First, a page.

Media multitasking impacts learning

art by Maddy Mueller

art by Maddy Mueller

Nicole Schroeder

art by Maddy Mueller
art by Maddy Mueller

Senior Aidan O’Brien sits in the media center at RBHS as she does her homework, her iPad propped up beside her. A pair of earbuds play music while she works, helping her to tune out the rest of the world and focus on the assignment.
O’Brien is one of nearly 15 percent of students nationwide who are able to focus more when they multitask, according to a recent study of 400 students by the American Academy of Pediatrics published October 2014.
“If I can work on math homework while I watch TV, it helps me focus … because if it’s quiet, I can’t focus,” O’Brien said. “If I have to read, I can’t do it with other noise [but] just … solving things, I can do while listening to music or watching TV.”
However, despite O’Brien’s belief that multitasking is beneficial to her productivity, certain types of multitasking can actually be harmful to the brain. According to a recent study by the University of Sussex in England, media multitasking, or the use of multiple forms of media at once, can lead to a decrease in the density of gray matter in the brain which forms the neural pathways that process information.
The study, published in September, determined that participants who admitted to using higher levels of media multitasking in a questionnaire showed substantially less density within the grey matter of the anterior cingulate cortex — a section of the brain that is associated with attention and error detection.
James Koch, a Boone Hospital neurologist, said he disagrees with the study’s findings. He believes that instead of decreasing, the density of gray brain matter should in fact increase because of the challenge being placed on the brain.
“Common sense would tell you that the more you study, the more you organize, the more mechanisms you use to help organize things and coordinate things, the better your brain would be,” Koch said. “I don’t understand why your brain would lose grey matter by multitasking, which people have been doing for decades anyway.”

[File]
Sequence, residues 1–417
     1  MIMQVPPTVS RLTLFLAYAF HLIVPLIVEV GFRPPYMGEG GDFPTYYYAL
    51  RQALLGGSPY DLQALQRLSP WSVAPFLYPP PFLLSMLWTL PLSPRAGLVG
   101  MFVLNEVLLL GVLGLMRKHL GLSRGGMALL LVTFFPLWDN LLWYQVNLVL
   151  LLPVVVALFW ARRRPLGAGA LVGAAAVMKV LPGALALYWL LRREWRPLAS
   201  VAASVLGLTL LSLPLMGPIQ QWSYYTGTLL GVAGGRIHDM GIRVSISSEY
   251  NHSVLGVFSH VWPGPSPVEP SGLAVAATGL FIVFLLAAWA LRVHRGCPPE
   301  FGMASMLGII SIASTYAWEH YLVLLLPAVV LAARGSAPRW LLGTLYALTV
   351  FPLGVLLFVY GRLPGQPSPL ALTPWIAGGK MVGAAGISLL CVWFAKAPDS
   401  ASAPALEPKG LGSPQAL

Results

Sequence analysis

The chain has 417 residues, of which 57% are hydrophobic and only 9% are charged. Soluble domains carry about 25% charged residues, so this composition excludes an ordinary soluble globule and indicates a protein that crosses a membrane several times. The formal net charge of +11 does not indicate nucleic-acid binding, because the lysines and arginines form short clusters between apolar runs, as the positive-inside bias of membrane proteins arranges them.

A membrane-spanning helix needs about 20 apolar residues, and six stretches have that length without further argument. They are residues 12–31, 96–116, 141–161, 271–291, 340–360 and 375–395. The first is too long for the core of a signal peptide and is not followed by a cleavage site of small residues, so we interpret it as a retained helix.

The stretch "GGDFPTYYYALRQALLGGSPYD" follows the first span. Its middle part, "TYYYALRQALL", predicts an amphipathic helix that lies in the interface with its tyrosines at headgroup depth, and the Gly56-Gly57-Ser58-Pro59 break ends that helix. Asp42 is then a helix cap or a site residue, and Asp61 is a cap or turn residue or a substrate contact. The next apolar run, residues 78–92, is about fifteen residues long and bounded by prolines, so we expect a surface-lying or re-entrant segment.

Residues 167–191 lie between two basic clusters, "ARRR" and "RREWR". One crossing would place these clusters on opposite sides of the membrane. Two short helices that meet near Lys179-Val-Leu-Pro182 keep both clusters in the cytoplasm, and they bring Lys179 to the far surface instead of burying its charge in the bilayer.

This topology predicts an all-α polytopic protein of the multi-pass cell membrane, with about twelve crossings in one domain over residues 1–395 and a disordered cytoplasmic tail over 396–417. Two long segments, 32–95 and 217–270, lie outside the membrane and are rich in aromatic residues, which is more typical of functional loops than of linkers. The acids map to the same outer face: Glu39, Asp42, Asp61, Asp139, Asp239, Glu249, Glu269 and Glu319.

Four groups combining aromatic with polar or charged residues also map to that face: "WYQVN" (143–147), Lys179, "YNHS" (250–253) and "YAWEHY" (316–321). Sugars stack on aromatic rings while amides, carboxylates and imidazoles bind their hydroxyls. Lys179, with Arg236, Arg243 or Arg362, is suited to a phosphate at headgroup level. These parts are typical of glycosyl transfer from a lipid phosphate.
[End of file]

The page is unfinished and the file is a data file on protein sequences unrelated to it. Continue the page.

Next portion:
O’Brien agrees with Koch and said she doesn’t subscribe to the idea of a decrease in grey matter density from media multitasking that the study suggests. She said she feels that the brain’s capacity to learn and understand multiple things at one time would in fact increase through media multitasking.
“I know my dad and my brother play games [on their phones] while they watch football games, and they’ll still know what’s going on in the football game, but they’ll also be playing [on their phone],” O’Brien said. “I think that’s making your brain work harder and take in more information so that would make your capability for understanding … things better.”
Sophomore Christopher Smith, however, said he accepts the results of the study as well as the logic behind them.
Smith said he often multitasks at home, both while completing homework and when using different forms of media, and finds that he’s often not as productive when multitasking as he is when doing each task individually.
“Sometimes it gets me off track. Sometimes when I look away for a second, I lose my train of thought [and forget] what I was doing for the homework,” Smith said. “[I’m] maybe not as productive as I sometimes think I am being.”
Still, this study shows only some of the research that has been done on media multitasking. Koch said other studies, most notably one from Stanford University, have also gathered information on media multitasking and, in fact, have found it to have more positive effects on the brain than negative effects. The reason for these conflicting results, he said, is that the concept is simply too difficult to analyze well.
“The problem is that there’s no good way to test for this,” Koch said. “We have things like functional MRIs that show how many neurons are actually being used for each task … but it’s all very controversial information, and not everyone agrees on how it should be interpreted.”

“Common sense would tell you that the more you study, the more you organize, the more mechanisms you use to help organize things and coordinate things, the better your brain would be.” James Koch, Boone Hospital neurologist. ”


Despite Smith’s belief that multitasking can decrease one’s productivity, he said he still believes that it is an important skill to learn and one that will be helpful later in life.
“I think that multitasking is a skill that you might need … in the future,” Smith said. “If you master multitasking then you’re able to do multiple things in a short amount of time, whereas if you happen to just do two things, one at a time, then it will increase the amount of time you spend doing the [tasks].”
Likewise, O’Brien said she believes multitasking in any form is an important skill for people to learn, as many jobs require employees to balance multiple tasks at the same time.
“In general, I think … you need to be able to multitask because there’s a lot of stuff you’re going to have to do [at once]. You’re going to have to be able to work on different stuff at different times,” O’Brien said. “If you’re ever going to be a parent, you’re going to have to be able to do multiple things at once because kids are crazy. [In] mostly any profession, you’re going to need to be able to multitask.”
By Nicole Schroeder